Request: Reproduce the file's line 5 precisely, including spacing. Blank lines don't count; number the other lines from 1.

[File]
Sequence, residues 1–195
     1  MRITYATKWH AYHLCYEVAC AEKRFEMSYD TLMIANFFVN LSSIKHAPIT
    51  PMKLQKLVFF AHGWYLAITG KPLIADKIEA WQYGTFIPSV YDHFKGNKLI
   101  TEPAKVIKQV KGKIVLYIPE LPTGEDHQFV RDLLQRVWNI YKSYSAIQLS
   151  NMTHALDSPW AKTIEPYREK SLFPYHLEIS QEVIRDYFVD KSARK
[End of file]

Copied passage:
   151  NMTHALDSPW AKTIEPYREK SLFPYHLEIS QEVIRDYFVD KSARK